1 in 3 ERs Forced to Divert Ambulances, AHA Study Finds
One-third of U.S. emergency rooms are so crowded that they must periodically divert ambulances to other hospitals, according to a study released yesterday by the American Hospital Association, the AP/New York Times reports. Researchers with the Lewin Group asked 1,501 hospitals -- about 36% of the country's facilities with emergency departments -- to track their emergency room activity during November 2001. The study found that overcrowding problems were "most acute" at large urban hospitals (AP/New York Times, 4/9). Sixty-two percent of the hospitals surveyed reported that their emergency departments were operating at or over capacity. In addition, 56% of urban hospitals reported diverting ambulances at some point during the month, with that figure rising to 61% among urban teaching hospitals (Smith, Richmond Times-Dispatch, 4/9). Overcapacity problems were worst at New England hospitals, with 52% of facilities reporting their emergency rooms operate beyond capacity, and at West Coast hospitals, where the figure was 44%. The report attributed emergency room overcrowding to the nationwide nursing shortage, an increasing amount of paperwork and a growing number of uninsured patients who use emergency services for primary care (Los Angeles Times, 4/9).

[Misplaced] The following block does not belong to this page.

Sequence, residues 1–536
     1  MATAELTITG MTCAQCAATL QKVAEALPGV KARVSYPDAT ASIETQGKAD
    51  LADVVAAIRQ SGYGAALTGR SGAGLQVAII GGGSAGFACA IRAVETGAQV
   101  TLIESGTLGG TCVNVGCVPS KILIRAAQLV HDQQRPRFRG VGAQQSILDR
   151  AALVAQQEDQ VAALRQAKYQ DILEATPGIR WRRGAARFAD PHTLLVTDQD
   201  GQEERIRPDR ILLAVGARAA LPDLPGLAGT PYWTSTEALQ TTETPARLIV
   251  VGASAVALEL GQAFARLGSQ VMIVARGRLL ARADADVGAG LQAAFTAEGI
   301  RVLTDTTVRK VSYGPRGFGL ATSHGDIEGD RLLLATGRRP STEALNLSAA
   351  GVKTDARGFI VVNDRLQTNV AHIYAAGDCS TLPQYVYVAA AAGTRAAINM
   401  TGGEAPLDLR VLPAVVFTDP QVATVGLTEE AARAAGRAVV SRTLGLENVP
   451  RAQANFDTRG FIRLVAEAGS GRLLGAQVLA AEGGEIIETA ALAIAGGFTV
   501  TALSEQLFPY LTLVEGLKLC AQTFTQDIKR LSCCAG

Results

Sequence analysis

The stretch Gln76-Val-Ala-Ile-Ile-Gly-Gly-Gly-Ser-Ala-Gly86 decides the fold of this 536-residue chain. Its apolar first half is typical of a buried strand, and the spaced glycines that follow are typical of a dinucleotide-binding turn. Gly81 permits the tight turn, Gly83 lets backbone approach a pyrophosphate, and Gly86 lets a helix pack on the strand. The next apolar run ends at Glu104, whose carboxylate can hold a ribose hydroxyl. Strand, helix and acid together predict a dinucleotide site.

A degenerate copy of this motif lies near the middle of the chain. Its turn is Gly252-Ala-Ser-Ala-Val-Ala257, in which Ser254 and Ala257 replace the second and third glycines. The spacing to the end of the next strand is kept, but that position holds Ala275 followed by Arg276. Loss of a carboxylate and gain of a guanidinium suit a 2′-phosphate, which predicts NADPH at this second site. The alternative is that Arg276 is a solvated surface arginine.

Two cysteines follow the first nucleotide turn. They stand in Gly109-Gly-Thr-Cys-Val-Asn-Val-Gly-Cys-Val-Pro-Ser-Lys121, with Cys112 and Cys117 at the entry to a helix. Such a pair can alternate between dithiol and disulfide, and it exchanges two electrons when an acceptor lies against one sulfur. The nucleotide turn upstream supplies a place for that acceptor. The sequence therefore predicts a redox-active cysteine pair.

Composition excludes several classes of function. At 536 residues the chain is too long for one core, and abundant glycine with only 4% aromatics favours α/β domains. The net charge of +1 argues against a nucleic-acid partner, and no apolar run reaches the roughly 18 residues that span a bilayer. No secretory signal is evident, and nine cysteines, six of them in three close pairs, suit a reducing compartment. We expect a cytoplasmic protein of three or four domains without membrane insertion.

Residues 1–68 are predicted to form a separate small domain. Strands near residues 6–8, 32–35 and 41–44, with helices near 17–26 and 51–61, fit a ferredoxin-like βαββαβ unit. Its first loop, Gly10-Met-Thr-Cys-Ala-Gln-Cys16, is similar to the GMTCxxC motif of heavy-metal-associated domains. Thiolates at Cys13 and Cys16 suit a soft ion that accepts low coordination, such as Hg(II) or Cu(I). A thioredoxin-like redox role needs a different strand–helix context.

The study concluded that hospital overcrowding probably leads to longer waits for patients, the AP/New York Times reports. The average patient waiting time at a "crowded" emergency room was more than one hour, compared with 39 minutes at hospitals with a "good balance of patients to capacity." The average patient stay at crowded hospitals was 3.7 hours, compared with 2.5 hours at balanced hospitals, the study found. Lack of beds elsewhere in the hospital contributed to emergency room backups; among patients needing hospital admission, those at crowded emergency rooms had to wait about 4.6 hours for an acute- or critical-care bed, compared with 2.2 hours at balanced hospitals (AP/New York Times, 4/9). The Los Angeles Times reports that the study suggests "many emergency rooms are unable to handle even the day-to-day stresses" of emergency care (Los Angeles Times, 4/9). Carmella Coyle, AHA's senior vice president for policy, said, "Emergency department overcrowding itself is a symptom ... of a health care system that's broken" (AP/New York Times, 4/9). The full survey is available online. Note: You must have Adobe Acrobat Reader to view the survey.This is part of the California Healthline Daily Edition, a summary of health policy coverage from major news organizations. Sign up for an email subscription.